There are several buildings within the museum, talking to my guide I discovered they were all found someplace else and brought piece by piece —mud walls included— and reassembled here. Noguchi himself redesigning or sculpting a few key features in the process; the position of the windows, the texture & colour of the mud walls and the framing details of the beautiful doorways large enough to accommodate his stone sculptures. 

“A Japanese person would never live this way,” he said. “I can do it because I am not Japanese.”

— Isamu Noguchi, Listening to Stone: The Art and Life of Isamu Noguchi, Book by Hayden Herrera

And then there is his residence, a noble eighteenth-century house, it too was brought here from afar in 1970. Again it was Tadashi Yamamoto who suggested Noguchi to rebuild this house here as his own. Not permitted to enter I peered through every doorway and window of this remastered Japanese house trying to etch every tiny element, every juxtaposed material on my brain for future reference. All distinctly Japanese, yet something more. His attention to the design details of every aspect of every corner of every sculpture, building, plant and rock held me in awe. As a designer I felt an affinity with Noguchi, but was also at a loss as to how one person could do all this — control all this?

Isamu Noguchi’s house hidden behind a stone wall.

“I wanted to reach what may be defined as a way of life, a space of life, or even a ghetto closed and defended from the world.” 

— Isamu Noguchi, Listening to Stone: The Art and Life of Isamu Noguchi, Book by Hayden Herrera

I pestered my guide with question after question until she became dizzy, asking about this detail and that. I learnt that although Noguchi’s aesthetic —stubborn at times— guided his creativity, he didn’t always create alone. It was only through the support and help from friends and the community that this miraculous oasis was created, and now maintained long after his death. I for one am grateful that he had such kind devotees and will undoubtedly visit again, for it is a reminder of what is possible if you stick to your artistic vision and welcome acceptance of community.

Kissa Shiro No Me

The next morning it was time for breakfast, I’d heard there was a kissa (Coffee Shop) in town frequented by Noguchi, often with visiting friends. Named Shiro No Me (Castle Eyes) and built in 1962, I was eager to see inside. Google said it opened at 8:30AM, the menu outside said AM7:00, yet the owner obviously moving to her own clock informed me it would open at 9:45AM. Just enough time to visit the Takamatsu Art Museum across the road and track down another Noguchi sculpture.

Isamu Noguchi sculpture in the Takamatsu Art Museum’s permanent collection.

If I was going to own a coffee shop I would own this one. “Quiet this morning”, one of the two sisters told me, for I was the only customer. Serving the typical kissa menu for 60 years now, and the place looks exactly like it did when it opened, except for a blaring flatscreen TV. I ordered the Morning Set D; Fried egg, toast, salad, fruit and a cup of coffee — ¥550 (less than $5). The TV was promptly turned down when I mentioned I was writing a story about Noguchi-san. “Oh! He was charming” she said, now standing up. “Always dressed so well; often in a long collarless linen shirt and he always sat in the same seat right there.” She pointed to a seat in the exact centre of the cafe. I thought: typical Noguchi, confident, wanting to be the centre of attention.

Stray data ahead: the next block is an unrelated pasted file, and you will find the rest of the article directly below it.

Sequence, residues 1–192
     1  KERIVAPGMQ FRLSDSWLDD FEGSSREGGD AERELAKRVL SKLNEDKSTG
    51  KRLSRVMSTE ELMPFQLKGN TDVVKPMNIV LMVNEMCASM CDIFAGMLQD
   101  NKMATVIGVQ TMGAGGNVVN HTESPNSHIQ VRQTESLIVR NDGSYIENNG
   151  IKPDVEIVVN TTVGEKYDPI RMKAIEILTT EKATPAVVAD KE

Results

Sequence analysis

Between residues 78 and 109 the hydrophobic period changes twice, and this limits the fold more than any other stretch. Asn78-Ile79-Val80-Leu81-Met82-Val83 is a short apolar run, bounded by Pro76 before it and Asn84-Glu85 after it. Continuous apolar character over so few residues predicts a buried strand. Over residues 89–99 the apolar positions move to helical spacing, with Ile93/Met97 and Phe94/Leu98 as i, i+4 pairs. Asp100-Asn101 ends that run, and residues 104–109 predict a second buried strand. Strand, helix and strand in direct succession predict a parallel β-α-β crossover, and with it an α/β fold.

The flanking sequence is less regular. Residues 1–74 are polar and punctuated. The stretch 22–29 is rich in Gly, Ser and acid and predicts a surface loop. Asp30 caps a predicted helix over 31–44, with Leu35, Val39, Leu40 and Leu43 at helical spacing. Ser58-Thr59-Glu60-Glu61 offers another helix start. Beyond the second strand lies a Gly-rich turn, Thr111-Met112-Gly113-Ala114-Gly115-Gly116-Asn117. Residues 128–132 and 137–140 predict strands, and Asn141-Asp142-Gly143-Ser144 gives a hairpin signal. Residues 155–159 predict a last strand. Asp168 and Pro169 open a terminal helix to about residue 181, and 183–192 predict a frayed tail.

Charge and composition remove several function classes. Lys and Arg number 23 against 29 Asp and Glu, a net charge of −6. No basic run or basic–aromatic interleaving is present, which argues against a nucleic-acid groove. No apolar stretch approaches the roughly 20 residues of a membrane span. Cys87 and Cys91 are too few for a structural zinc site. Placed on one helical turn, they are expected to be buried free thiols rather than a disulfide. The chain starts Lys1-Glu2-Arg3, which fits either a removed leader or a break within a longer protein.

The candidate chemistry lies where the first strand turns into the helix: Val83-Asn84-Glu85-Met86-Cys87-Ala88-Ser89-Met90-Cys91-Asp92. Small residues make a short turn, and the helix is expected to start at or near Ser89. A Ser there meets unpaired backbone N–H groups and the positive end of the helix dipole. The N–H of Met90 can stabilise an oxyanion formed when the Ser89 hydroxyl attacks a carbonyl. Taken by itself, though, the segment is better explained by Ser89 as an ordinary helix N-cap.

The kissa itself was designed by Tadashi Yamamoto, yes the same Yamamoto who introduced Noguchi and Izumi. Again this cafe was a collaboration of many creative people who were drawn to Takamatsu. The interior is classic kissa and then some. Filled with low chairs and tables made of wood, framed by a stone wall and two huge stone sculpture speakers all made of Aji stone (local granite). I later learnt the speakers were designed and carved by the composer Kuniharu Akiyama and sculptor Mitsuaki Sora. 

Isamu Noguchi Play Sculptures near the Garden Museum.

I have never seen anything like this before and I suspect a place like this will never be made again, but one can have hope. The walls, hanging tapestries, tables & chairs, light fittings, skylight, speakers, music and the two sisters thus combined, are an exquisite tribute to the active collaboration between Art & Design.

I didn’t want to leave, I wanted to ask these lovely ladies more questions, yet feeling nostalgic I dragged myself away, promising to return one day to write a story about them.

Seto Inland Sea Folk History Museum designed by Tadashi Yamamoto.
A Noguchi Octetra Play Sculpture at Goshokudai Shonen Nature Center designed by Tadashi Yamamoto.
Local handmade udon from Michikusa.

Before leaving Takamatsu I paid a visit to a few more locations of interest, too many to mention. Then as I drove home, I thought about how Noguchi would define success? I don’t think he was ever successful in convincing the art world that his Akari Light Sculptures were ever worthy of the accolade: Fine Art. I do believe he was successful in bridging the divide between cultures, the disciplines of time, and the mediums of tradition. And most importantly for me —as I looked more closely and read between the lines— he was successful in breaking our nostalgic image of the lone struggling artist. Without doubt he did struggle, yet he was also supported. For without community, trusted assistants and rich personal relationships, the genius that was Isamu Noguchi may never have been brought to light or this timeless space for life never made.

…and so it goes.

Photographs courtesy of James Gibson – © Copyright James Gibson.

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text & photograph | James Gibson